>>>> users; BUT that is one of the sorts of things that I consider as
>>>> the EXTRA WORK required to remedy the issues I am speaking of. :-)
>>>> First, I believe that you almost need to have a dedicated printer
>>>> for B & W printing to use it: second you need to use special
>>>> inksets.  Third, even if you do not choose to use the CIS but
>>>> stick with carts so as to be able to switch easily between B&W and
>>>> color, you need to flush the system of the previous inks in the
>>>> printer prior to each changing back and forth from B&W to color.
>>>>
>>>> Another more expensive option which I am told helps to remedy the
>>>> issues is to purchase a RIP to use with the printer instead of the
>>>> printer's driver.
>>>>
>>>>
>>>>
>>>>
>>>>
>>>>> -----Original Message-----
>>>>> From: filmscanners_owner@halftone.co.uk
>>>>> [mailto:filmscanners_owner@halftone.co.uk] On Behalf Of
>>>>> lotusm50@sprynet.com Sent: Sunday, April 24, 2005 2:21 PM
>>>>> To: laurie@advancenet.net
>>>>> Subject: [filmscanners] Re: Compact Cameras
>>>>>
>>>>> You should check out the PeizographyBW Black and White inkjet
>>>>> printing system from Jon Cone (and inkjetmall.com).  It is really
>>>>> amazing.   No bronzing, no metemerism, no fading, rich deep black
>>>>> and long tonal scale.  It is really, really very good.
>>>>>
>>>>>
>>>>> LAURIE SOLOMON wrote:
>>>>>
>>>>>
>>>>>
>>>>>
>>>>>
>>>>>> <snip>
>>>>>>
>>>>>> First, even at today's stage in technology, I do not find
>>>>>>
>>>>>>
>>>>>>
>>>>>>
>>>>> digital black
>>>>>
>>>>>
>>>>>
>>>>>
>>>>>> and white to be all that satisfactory be it captured with a
>>>>>> digital camera or scanned in via a scanner.  I find that both
>>>>>> the monitor displaying and the hard copy printing of digital
>>>>>> black & white to be full of problems that result in much
>>>>>> additional work to correct or minimize or in less than
>>>>>> satisfactory quality. Issues such as the ability of dye based
>>>>>> inkjet prints or pigmented inkjet
>>>>>>
>>>>>>
>>>>>>
>>>>>>
>>>>> prints to render
>>>>>
>>>>>
>>>>>
>>>>>
>>>>>> the images with true rich blacks with little bronzing or
>>>>>> metemerism with clean neutral whites without warm or cold color
>>>>>> casts, the tendency to emphasize grain structure, aliasing, and
>>>>>> noise when rendering the image, and the frequent exhibiting of
>>>>>> color
>>>>>>
>>>>>>
>>>>>>
>>>>>>
>>>>> artifacts in
>>>>>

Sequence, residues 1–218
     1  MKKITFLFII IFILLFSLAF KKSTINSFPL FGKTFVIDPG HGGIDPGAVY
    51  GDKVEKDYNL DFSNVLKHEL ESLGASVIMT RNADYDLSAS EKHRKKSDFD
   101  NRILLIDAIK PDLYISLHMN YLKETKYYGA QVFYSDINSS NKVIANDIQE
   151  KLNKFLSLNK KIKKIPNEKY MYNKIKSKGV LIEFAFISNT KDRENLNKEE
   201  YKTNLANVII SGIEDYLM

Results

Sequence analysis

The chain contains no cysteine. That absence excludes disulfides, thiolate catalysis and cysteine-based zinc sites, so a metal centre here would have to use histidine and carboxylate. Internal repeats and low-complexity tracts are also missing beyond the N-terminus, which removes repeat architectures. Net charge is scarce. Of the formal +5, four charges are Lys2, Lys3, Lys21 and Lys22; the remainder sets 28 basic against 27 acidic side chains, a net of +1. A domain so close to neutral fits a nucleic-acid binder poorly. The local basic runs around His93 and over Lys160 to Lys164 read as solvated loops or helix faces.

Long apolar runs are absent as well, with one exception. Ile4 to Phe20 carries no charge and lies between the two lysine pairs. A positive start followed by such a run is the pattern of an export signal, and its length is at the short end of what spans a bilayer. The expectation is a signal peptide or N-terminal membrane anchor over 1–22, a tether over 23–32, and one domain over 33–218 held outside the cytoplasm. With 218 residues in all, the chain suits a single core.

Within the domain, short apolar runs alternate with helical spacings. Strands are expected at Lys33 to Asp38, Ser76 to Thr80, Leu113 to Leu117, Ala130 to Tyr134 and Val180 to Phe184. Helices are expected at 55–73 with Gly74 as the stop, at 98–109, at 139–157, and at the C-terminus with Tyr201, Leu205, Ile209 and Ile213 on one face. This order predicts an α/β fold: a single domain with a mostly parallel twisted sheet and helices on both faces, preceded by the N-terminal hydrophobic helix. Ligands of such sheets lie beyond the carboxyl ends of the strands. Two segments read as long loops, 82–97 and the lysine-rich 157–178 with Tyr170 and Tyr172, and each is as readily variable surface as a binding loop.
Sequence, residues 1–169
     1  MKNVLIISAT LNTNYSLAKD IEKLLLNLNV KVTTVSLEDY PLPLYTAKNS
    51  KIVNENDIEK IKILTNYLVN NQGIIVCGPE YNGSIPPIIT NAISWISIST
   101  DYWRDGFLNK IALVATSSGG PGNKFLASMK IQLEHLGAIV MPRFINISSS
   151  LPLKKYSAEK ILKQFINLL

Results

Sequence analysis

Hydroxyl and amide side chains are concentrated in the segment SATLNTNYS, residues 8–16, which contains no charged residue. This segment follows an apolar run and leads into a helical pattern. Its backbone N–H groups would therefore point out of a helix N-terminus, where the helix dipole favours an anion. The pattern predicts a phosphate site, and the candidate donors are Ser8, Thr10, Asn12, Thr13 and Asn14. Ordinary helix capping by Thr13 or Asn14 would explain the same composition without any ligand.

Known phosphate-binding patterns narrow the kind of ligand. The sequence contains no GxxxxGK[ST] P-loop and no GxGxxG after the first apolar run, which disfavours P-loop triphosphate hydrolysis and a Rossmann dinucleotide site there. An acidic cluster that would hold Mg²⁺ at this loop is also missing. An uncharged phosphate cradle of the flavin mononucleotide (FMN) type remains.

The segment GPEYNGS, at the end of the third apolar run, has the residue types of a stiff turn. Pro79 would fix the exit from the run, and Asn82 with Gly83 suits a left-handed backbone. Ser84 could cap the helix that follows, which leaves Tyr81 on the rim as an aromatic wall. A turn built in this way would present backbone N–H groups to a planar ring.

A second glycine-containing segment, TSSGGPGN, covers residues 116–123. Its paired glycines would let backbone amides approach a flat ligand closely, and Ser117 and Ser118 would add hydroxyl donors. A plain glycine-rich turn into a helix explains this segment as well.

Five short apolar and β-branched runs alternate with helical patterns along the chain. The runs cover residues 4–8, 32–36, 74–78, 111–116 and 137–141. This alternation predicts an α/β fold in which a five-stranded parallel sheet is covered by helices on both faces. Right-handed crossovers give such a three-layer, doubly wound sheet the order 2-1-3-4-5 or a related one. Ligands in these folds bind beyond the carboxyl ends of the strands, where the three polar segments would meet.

>>>>>
>>>>>
>>>>>
>>>>>> the form of stray color pixels that appear.  To be sure,
>>>>>>
>>>>>>
>>>>>>
>>>>>>
>>>>> some of this
>>>>>
>>>>>
>>>>>
>>>>>
>>>>>> will be found with B&W film based captures that are scanned and
>>>>>> reproduced just as it is with the digital camera captures
>>>>>>
>>>>>>
>>>>>>
>>>>>>
>>>>> since these
>>>>>
>>>>>
>>>>>
>>>>>
>>>>>> issues seem to revolve around the rendering and reproduction
>>>>>> stages rather than the capture stages; but I have found the
>>>>>>
>>>>>>
>>>>>>
>>>>>>
>>>>> problems easier to
>>>>>
>>>>>
>>>>>
>>>>>
>>>>>> deal with when scanning B&W films and rendering them into monitor
>>>>>> displays and prints than is the case with digital camera
>>>>>> captures. This is especially true given that there are a number
>>>>>> of
>>>>>>
>>>>>>
>>>>>>
>>>>>>
>>>>> varying film
>>>>>
>>>>>
>>>>>
>>>>>
>>>>>> types and speeds to use that are better for different
>>>>>>
>>>>>>
>>>>>>
>>>>>>
>>>>> subjects and scan
>>>>>
>>>>>
>>>>>
>>>>>
>>>>>> with differing results with respect to some of the problems
>>>>>>
>>>>>>
>>>>>>
>>>>>>
>>>>> mentioned
>>>>>
>>>>>
>>>>>
>>>>>
>>>>>> like emphasis of grain structure, aliasing, and noise which
>>>>>>
>>>>>>
>>>>>>
>>>>>>
>>>>> is not true
>>>>>
>>>>>
>>>>>
>>>>>
>>>>>> for digital camera unless one has an arsenal of different digital
>>>>>> cameras to select from that use different sensors in
>>>>>>
>>>>>>
>>>>>>
>>>>>>
>>>>> different configurations.
>>>>>
>>>>>
>>>>>
>>>>>
>>>>>>
>>>>>>
>>>>>>
>>>>> --------------------------------------------------------------
>>>>> --------------------------
>>>>> Unsubscribe by mail to listserver@halftone.co.uk, with
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>>>>>
>>>>>
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>>>>> 4/21/2005
>>>>>
>>>>>
>>>>>
>>>>>
>>>>>
>>>>>
>>>> --
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>>>> Checked by AVG Anti-Virus.
>>>> Version: 7.0.308 / Virus Database: 266.10.2 - Release Date:
>>>> 4/21/2005
>>>>
>>>>
>>>>
>>>>
>>>>
>>>>
>>>>
>>>>
>>>>
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>>>
>>>
>>
>>
>>
>>
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>>
>>
>>
>
>
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> Unsubscribe by mail to listserver@halftone.co.uk, with 'unsubscribe